Cubs Take Commanding NLDS Lead and Other Bullets

Social Navigation

Cubs Take Commanding NLDS Lead and Other Bullets

Chicago Cubs

javy-baez-celebrateThanks to an extremely generous BN’er (thanks again, Andy! Great time!), Michael and I were able to take in last night’s game at Wrigley Field. The atmosphere, of course, was electric, and the crowd was completely immersed in the game from the first pitch until well after the final pitch. Minutes after ‘Go Cubs Go’ had ended, the stadium was still entirely full. I turned to Michael and wondered openly … “what’s going on? Why is nobody leaving?” I realized then that we weren’t leaving, either. You just don’t want to leave those moments behind.

Also, you are redeemed, humanity: on the way to the park, one of the member’s of our group lost their ticket. Despite our searching, we could not find it. We headed to the box office in the faint hopes that they could replace the ticket if we showed proof of, well, something. Before we could even full flesh out that potential battle, one of the Cubs’ employees overheard our conversation, and stepped forward with a ticket. The ticket. The lost one. Some good samaritan out there had found the ticket – an extremely valuable and easily marketable ticket* – and turned it in to the Cubs’ box office. Night saved. Heart saved. Good on you, whoever you are. I owe the universe some karmic paying it forward.

  • Things are looking pretty good for the Cubs at this point in the NLDS, which should not surprise you, being that they were already favored and are now up 2-0. Even if you’re sour on tomorrow’s match-up between Jake Arrieta and Madison Bumgarner (I’d still call it a coin toss game, but whateves), the Cubs would thereafter still have two cracks at taking the series. FanGraphs now has the Cubs’ odds of winning the series at nearly 91%. FiveThirtyEight concurs, at 92%.
  • Through those two NLDS games, by the way? Cubs pitchers have not issued a single walk. That’s almost unbelievable, but it’s been a great group going for the Cubs. How about that bullpen performance last night, eh?
  • Kyle Hendricks seems to be OK after taking a liner off the forearm and exiting last night’s game in the fourth inning ( Hendricks believed he could at least finish the inning, but the problem – correctly diagnosed, it turned out – was that his arm was going to swell as soon as he sat down anyway, leading to him probably not being as effective. The good news is that, because of the playoff schedule, Hendricks was not going to be needed again until a week from today at the earliest – and the Cubs can bump that back an additional two days if they want to make him the Game Three starter in the NLCS. *Not* that I’m counting any chickens.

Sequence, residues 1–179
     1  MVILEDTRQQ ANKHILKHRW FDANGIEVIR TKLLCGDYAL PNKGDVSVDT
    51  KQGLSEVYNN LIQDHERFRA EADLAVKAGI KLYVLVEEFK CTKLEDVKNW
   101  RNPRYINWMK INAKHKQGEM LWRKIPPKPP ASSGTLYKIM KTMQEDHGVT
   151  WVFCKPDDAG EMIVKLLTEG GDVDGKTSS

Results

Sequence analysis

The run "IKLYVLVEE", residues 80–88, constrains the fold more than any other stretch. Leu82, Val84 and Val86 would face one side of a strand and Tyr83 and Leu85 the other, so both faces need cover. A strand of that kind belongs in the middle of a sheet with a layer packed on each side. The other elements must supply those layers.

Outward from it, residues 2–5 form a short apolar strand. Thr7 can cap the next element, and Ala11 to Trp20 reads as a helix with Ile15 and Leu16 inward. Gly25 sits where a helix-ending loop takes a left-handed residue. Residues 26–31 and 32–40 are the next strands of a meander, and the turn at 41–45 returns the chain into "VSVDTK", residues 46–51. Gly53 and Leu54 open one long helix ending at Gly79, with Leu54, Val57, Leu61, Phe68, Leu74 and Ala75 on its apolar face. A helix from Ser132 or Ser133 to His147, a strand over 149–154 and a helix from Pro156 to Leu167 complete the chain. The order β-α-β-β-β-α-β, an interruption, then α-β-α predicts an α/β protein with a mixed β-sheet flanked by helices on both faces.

• Hendricks contributed with his bat before he left though, hitting a bases-loaded two-run single. Huge props to Javy Baez on the play, because with no outs and the outfield playing extremely shallow, AND with him still taking time to read the play, he managed to score from second base on the hit. It was pretty incredible baserunning, but, well, you know, Javy gonna Javy.
  • Commissioner Rob Manfred is not opposed to his players being demonstrative on the field, and showing the emotion the accompanies big moments. Viva bat flips!
  • … and swag-y bat drops, like Javy Baez’s beauty on his homer in Game One of the NLDS. Of course, the fact that that ball only barely got out of Wrigley Field thanks to the strong wind led to another discussion about that bat drop – did Baez make a mistake not immediately busting it out of the box? On the one hand, that thing was monster-crushed, was a huge moment late in the game, and it’s pretty hard not to enjoy it. On the other hand, we saw what happened just last night on a ball that, off the bat, looked like it would be gone. But it hit the wall, Angel Pagan got it back in quickly, and Baez had to turn on the jets to get to second base. Baez says he’s going to run hard no matter how far he hits the next one (CSN).
  • On that play, by the way, I have the same thoughts I had when it happened to the Giants in the Wild Card Game: the runner came off the base for a fraction of a second while the tag was still on, so he’s out. That’s clear. But the question is whether we want replay to be able to be utilized in situations like that, where the runner clearly beats the initial tag, and then because physics is hard, there’s an almost imperceptible moment where the runner leaves the base.
  • Randomly perused ‘Star Wars’ collectible stuff on Amazon, wound up in the cool-but-whoa-pricey section.

*Being that it was a seat right next to us, we did wonder openly what we would do if we went in and there was someone in the seat. Since it was going to have been scalped at that point, it’s a bit hard to tell that person to get out, because it’s not like they knew they were buying a lost ticket. Anyway. We never had to get to that point, but it opened up some tricky moral questions.

Author: Brett Taylor

Brett Taylor is the Editor and Lead Cubs Writer at Bleacher Nation, and you can find him on Twitter at @BleacherNation and @Brett_A_Taylor.